The right stuff

A Christian Science perspective on daily life

My older daughter recently discovered the lure of Internet shopping. Fascinated by the availability of trading cards at an auction site, she wanted to spend more and more time online. Though we dissuaded her from bidding her hard-earned allowance, the desire to keep browsing remained strong.

I understood what she was feeling. The first job I ever had was in a part of town where there were many stores, and I often spent my lunch hour window-shopping and buying when I could. I noticed that once I got my purchases home, they quickly lost their appeal. But I couldn't seem to break the habit.

One day it occurred to me in a checkout line that I was about to spend a substantial part of my salary on camping equipment that I had little use for, and the thrill of the purchase was over before I handed over my credit card.

We all know in our hearts that you can't buy happiness, but faced with such a variety of goods and opportunities, it's easy to go with the flow.

Yet we do know there is more, much more, to life - that we are made for something better. Two thousand years ago, Jesus taught, "Lay not up for yourselves treasures upon earth, where moth and rust doth corrupt, and where thieves break through and steal: But lay up for yourselves treasures in heaven" (Matt. 6:19, 20).

God made us to seek and find the always-present spiritual substance and goodness of life. In the end, I'm convinced that nothing but the real thing - His kingdom - can fill this need.

Taking a break from the Internet until she had more money, my daughter discovered the greater satisfaction of putting time and energy into art projects and creative play with her sister. She then lost interest in the trading cards. Partly she was getting a break from the temptation to buy, but more important, she was finding a higher sense of good.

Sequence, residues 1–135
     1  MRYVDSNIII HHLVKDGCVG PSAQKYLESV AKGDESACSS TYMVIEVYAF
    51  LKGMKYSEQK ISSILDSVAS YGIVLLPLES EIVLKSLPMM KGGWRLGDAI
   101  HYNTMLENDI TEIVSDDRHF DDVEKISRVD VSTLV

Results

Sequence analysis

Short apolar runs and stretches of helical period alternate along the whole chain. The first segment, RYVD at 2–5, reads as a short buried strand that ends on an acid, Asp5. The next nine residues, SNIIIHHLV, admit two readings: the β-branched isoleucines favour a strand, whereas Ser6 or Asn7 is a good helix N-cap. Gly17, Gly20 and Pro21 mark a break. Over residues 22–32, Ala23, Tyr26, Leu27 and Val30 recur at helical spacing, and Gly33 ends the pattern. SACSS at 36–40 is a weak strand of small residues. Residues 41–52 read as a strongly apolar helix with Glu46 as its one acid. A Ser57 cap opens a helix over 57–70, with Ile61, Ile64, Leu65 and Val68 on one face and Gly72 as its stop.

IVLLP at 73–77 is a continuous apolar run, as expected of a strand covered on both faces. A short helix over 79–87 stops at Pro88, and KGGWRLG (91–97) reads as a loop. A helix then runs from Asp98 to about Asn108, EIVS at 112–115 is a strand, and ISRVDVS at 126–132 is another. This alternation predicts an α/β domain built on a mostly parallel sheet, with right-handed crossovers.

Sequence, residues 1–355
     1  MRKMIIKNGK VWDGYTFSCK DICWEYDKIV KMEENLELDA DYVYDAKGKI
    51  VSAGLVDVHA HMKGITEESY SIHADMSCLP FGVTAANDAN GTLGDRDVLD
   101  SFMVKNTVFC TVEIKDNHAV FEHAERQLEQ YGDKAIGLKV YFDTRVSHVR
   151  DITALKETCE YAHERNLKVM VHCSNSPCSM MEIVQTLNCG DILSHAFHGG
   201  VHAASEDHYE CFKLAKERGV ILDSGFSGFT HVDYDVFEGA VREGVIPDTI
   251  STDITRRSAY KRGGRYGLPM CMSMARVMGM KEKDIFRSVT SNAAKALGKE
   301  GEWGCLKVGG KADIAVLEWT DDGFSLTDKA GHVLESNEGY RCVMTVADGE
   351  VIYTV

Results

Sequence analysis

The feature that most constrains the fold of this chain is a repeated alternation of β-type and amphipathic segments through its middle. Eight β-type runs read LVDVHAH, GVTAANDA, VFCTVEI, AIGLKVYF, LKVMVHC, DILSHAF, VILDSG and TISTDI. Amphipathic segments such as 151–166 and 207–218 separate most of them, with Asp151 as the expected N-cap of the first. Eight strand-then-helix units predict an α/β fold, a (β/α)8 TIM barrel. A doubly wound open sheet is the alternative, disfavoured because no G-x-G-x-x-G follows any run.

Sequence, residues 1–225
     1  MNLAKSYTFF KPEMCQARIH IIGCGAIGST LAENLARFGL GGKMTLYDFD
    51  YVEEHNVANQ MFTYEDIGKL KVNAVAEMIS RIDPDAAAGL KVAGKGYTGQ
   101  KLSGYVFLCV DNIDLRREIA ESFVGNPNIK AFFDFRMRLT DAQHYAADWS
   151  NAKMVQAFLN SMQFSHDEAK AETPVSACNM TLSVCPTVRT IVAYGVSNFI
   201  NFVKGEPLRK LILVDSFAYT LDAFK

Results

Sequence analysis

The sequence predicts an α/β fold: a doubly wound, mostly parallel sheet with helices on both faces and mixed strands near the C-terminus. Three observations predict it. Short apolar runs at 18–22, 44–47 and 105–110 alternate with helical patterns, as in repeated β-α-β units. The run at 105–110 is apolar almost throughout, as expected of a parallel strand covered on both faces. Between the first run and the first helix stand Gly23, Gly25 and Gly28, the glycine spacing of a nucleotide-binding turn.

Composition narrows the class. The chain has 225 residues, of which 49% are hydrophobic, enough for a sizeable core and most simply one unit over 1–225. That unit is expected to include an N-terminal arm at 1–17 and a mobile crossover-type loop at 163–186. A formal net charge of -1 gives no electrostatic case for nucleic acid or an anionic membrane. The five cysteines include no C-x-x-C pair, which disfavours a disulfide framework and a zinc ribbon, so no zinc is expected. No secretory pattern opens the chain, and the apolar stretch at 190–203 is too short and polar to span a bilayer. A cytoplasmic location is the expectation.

Not long after this, we watched a film together called "The Miracle Maker" about the life of Christ Jesus. It included the story of the man who built his house on the rock and the man who built on sand. "Build your life like you build a house, on deep foundations. Don't just take the easy way, take the hard way ... open your hearts and minds to the truth."

It does take work to insist on defining yourself spiritually, especially if there are bad habits to break, but drawing closer to God and His way pays off. Not only do we find that doing this is natural, but the fruit borne by the effort is infinitely more valuable and fulfilling than anything we could acquire on our own.

Explaining our inviolable relationship to spiritual good, Mary Baker Eddy wrote: "Man is the offspring, not of the lowest, but of the highest qualities of Mind. Man understands spiritual existence in proportion as his treasures of Truth and Love are enlarged" ("Science and Health with Key to the Scriptures," p. 265).

The shallow estimation of ourselves as bounded by material possessions, fending off boredom and emptiness, cannot stand up to the light of divine Truth and Love. As we step away from such images of life, reality breaks through and we see that we are part of the outpouring of good that is God's kingdom - an incorruptible treasure that brings lasting joy.

Where your
treasure is,
there will
your heart be also.

Matthew 6:21

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